As well, a total of 19,000 complaints were logged with Elections Canada between the pre-election period and December 2019. Of those, 11,100 were filed during the 40-day writ period, which was down from the 17,000 during that time in 2015, and any that were deemed to be a potential offence were referred to the Commissioner of Canada Elections for further investigation.

According to Elections Canada the complaints centred around:

  • Climate change and freedom of expression (6,700 complaints);
  • Voter experience and service to electors (5,000 complaints);
  • Accessibility (2,400 complaints);
  • Candidates and political entities (1,500 complaints);
  • Polling day worker or election administrator experience (1,400 complaints); and
  • Canada Elections Act and policies (1,300 complaints)

No cybersecurity incidents

The report also spells out the various ways that Elections Canada and other federal agencies sought to shore up the vote from any form of interference or cyber attack, and according to the elections agency, “no cybersecurity incident disrupted services to Canadians or the administration of the electoral process in the 43rd general election.”

These preparation efforts and collaboration with the federal security agencies greatly helped prepare for any potential cyber issues and will continue, said one Elections Canada official.

It was the first federal election in which Elections Canada had a unit set up to monitor social media misinformation and, according to the report that team’s monitoring of various online platforms, flagged 28 instances of accounts impersonating Elections Canada or sharing information that “could have interfered with electors’ ability to vote,” though just 13 were removed by the platforms that the content was posted on.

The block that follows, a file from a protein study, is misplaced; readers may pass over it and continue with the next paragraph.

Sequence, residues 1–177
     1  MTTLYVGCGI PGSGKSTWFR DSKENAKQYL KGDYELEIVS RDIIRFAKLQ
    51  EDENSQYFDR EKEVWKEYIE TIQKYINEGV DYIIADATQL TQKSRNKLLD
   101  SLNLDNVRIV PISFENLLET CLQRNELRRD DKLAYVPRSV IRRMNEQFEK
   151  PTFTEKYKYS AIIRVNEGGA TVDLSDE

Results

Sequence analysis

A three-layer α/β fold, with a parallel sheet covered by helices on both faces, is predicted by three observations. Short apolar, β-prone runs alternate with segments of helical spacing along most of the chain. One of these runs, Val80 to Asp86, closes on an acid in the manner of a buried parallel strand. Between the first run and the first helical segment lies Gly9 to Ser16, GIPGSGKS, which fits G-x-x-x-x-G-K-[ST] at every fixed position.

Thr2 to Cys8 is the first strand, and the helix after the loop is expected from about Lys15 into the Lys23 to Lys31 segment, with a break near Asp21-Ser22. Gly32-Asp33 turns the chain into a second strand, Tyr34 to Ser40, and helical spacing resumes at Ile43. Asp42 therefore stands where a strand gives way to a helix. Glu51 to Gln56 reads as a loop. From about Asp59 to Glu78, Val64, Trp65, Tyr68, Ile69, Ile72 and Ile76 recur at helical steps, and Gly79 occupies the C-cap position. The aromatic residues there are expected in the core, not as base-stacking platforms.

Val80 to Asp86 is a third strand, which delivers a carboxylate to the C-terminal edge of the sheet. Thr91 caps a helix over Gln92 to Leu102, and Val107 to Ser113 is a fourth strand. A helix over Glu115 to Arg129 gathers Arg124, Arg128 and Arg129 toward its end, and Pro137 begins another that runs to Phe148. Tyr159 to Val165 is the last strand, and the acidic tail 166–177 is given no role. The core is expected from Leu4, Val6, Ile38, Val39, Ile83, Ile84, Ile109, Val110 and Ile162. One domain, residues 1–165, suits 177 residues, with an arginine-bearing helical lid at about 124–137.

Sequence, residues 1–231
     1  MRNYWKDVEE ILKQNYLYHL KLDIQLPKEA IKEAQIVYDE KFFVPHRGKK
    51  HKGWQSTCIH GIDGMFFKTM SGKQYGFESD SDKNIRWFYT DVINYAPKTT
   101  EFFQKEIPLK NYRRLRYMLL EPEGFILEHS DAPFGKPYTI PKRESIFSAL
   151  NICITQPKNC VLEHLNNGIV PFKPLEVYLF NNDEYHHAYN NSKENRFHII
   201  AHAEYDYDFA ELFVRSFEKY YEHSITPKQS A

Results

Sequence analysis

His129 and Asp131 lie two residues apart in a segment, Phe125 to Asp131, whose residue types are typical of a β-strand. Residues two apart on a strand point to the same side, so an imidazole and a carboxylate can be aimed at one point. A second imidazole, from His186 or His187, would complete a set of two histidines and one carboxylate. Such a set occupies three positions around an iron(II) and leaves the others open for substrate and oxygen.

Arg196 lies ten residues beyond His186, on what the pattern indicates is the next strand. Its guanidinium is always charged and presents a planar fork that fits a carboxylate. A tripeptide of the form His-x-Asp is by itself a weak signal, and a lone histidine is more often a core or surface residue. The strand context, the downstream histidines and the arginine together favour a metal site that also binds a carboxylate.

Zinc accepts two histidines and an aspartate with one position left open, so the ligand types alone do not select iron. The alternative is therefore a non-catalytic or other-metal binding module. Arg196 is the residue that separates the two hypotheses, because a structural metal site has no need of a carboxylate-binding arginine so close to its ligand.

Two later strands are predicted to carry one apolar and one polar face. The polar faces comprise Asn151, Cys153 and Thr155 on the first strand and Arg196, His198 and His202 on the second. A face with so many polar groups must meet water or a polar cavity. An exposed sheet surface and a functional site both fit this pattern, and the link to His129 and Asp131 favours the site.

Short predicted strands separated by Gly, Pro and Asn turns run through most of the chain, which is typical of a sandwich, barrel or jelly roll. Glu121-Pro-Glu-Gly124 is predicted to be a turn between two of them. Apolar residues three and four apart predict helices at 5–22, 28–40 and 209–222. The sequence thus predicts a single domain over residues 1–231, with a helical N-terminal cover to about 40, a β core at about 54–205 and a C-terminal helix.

"None of these instances were concerning in terms of their scope," said Chief Electoral Officer Stephane Perrault in his foreword of the report.

The report also noted that while there were no contested elections, there were three judicial recounts, all of which were asked for by the second place candidate and terminated before the full count was complete. None affected the election results.

By law, the "Report on the 43rd General Election" had to be presented within 90 days of a general election, and will be followed by the publication of official voting results, further discussion on key aspects of the campaign, a more in-depth "retrospective report" that analyzes the election, and the chief electoral officer's recommendations for changes to how elections are run and legislated.

Preparedness for next election

In order for any of these issues to be addressed with changes to the way the election is delivered, Elections Canada is saying that April 1, 2021 would be their earliest readiness date.

An Elections Canada official said, given the dynamics of a minority government, the electoral agency has the ability to deliver a general election “at any time” before then, but it would have to be conducted under the same plans as the 2019 vote.

“While the election was a success overall, our services must continue to evolve to respond to the new challenges and expectations of Canadians," said Perrault in a statement, adding that his recommendations for further changes will be presented in September 2020.